Snapshots with famous Vama Veche nonconformist seaside resort by Romanian photographer got viral after their author shared them worldwide through boredpanda.com.
“A place in Romania called Vama Veche where people come from all parts of the country and express themselves and have fun.
My name is Cosma Alexandru and through this photography project I wanted to put my passion to the test and tell everyone I am a photographer,” the Romanian national describes the resort on the Black Sea shore.
His post gathered over 17,000 views and 5,800 likes.
Alexandru posted several photos from the nonconformist seaside resort, the last one of the Romanian Black Sea shore, mainly depicting youngsters having fun, singing and dancing while unconformably dressed.
The photographer describes this photo above as his favorite one.
You can find the full photo coverage here.
About Vama Veche
Vama Veche, a small village located a few kilometers South from 2 Mai resort, near the border with Bulgaria, has become a very popular summer destination in recent years, due to the nonconformist atmosphere and good prices for accommodation and meals.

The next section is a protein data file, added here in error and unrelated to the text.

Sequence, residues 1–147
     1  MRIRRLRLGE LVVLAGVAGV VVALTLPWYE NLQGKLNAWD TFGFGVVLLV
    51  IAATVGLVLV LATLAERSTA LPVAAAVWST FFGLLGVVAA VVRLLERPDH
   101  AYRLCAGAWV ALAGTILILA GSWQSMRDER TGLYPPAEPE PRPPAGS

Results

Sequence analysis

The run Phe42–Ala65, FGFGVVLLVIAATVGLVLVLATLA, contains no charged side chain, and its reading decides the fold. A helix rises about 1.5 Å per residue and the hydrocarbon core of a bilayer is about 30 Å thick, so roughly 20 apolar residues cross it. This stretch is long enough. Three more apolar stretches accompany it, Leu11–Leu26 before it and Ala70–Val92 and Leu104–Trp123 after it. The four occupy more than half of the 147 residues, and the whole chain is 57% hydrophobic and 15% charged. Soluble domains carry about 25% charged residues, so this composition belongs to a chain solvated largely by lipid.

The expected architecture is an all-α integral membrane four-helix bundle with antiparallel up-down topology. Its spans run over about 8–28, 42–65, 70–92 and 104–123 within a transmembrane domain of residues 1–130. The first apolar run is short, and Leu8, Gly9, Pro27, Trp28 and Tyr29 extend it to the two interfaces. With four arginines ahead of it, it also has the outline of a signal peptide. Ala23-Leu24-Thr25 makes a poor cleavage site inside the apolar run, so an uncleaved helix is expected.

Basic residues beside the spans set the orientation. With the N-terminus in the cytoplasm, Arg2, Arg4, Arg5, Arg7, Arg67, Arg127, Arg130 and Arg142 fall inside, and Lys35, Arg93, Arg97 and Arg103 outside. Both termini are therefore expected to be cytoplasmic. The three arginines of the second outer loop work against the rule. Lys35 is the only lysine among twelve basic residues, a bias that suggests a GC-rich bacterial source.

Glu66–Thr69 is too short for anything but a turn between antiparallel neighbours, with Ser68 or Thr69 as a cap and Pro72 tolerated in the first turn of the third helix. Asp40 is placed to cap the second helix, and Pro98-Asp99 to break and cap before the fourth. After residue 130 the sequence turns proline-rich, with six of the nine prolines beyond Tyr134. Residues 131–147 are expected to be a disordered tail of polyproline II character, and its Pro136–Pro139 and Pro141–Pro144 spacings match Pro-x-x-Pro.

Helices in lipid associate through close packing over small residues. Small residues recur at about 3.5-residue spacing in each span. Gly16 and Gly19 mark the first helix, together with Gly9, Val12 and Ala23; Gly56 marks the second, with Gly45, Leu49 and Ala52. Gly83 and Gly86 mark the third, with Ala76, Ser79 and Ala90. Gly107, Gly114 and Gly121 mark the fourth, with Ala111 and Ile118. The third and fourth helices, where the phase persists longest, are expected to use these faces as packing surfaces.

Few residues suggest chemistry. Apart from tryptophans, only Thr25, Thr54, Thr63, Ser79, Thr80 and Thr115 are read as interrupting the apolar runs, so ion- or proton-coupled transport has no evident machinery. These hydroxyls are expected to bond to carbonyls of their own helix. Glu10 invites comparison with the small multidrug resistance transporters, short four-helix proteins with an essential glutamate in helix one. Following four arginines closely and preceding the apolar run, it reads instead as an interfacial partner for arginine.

It was founded in 1811 by a few Gagauz families, originally being named “Ilanlîk”. Its current name literally means “Old border checkpoint”, named so after South Dobruja (the Cadrilater) had become a part of Romania in 1913. In 1940, however, that region was given back to Bulgaria,and the village has since lain once again near the border, but the name stuck.
Vama Veche had a reputation of non-mainstream travel destination even during the communist regime, with this reputation increasing after the Revolution of 1989. During communism, the free-spirited resort became a hangout for intellectuals; paradoxically, the generally repressive regime of former dictator Nicolae Ceausescu chose to tolerate this countercultural oasis, as long as people had their identity papers with them. Accommodations consisted of tents or rooms rented from peasants or fishermen. While camping is theoretically not permitted, to this day, many visitors or semi-permanent residents still stay in tents on the beach.
Famous for its beach for nudists, since the late 1990s Vama Veche has experienced development and gentrification, which has led to a “Save Vama Veche” campaign that is lobbying for the area’s environmental conservation and a halt to development and mass tourism.
A major part of the “Save Vama Veche” campaign is the 2003 founding of the Stufstock music festival, mainly attracting rockers, punkers and bohemians. Both “Save Vama Veche” campaign and Stufstock Festival were initiated by the “Association for the Conservation of Bio-Cultural Protected Areas” NGO.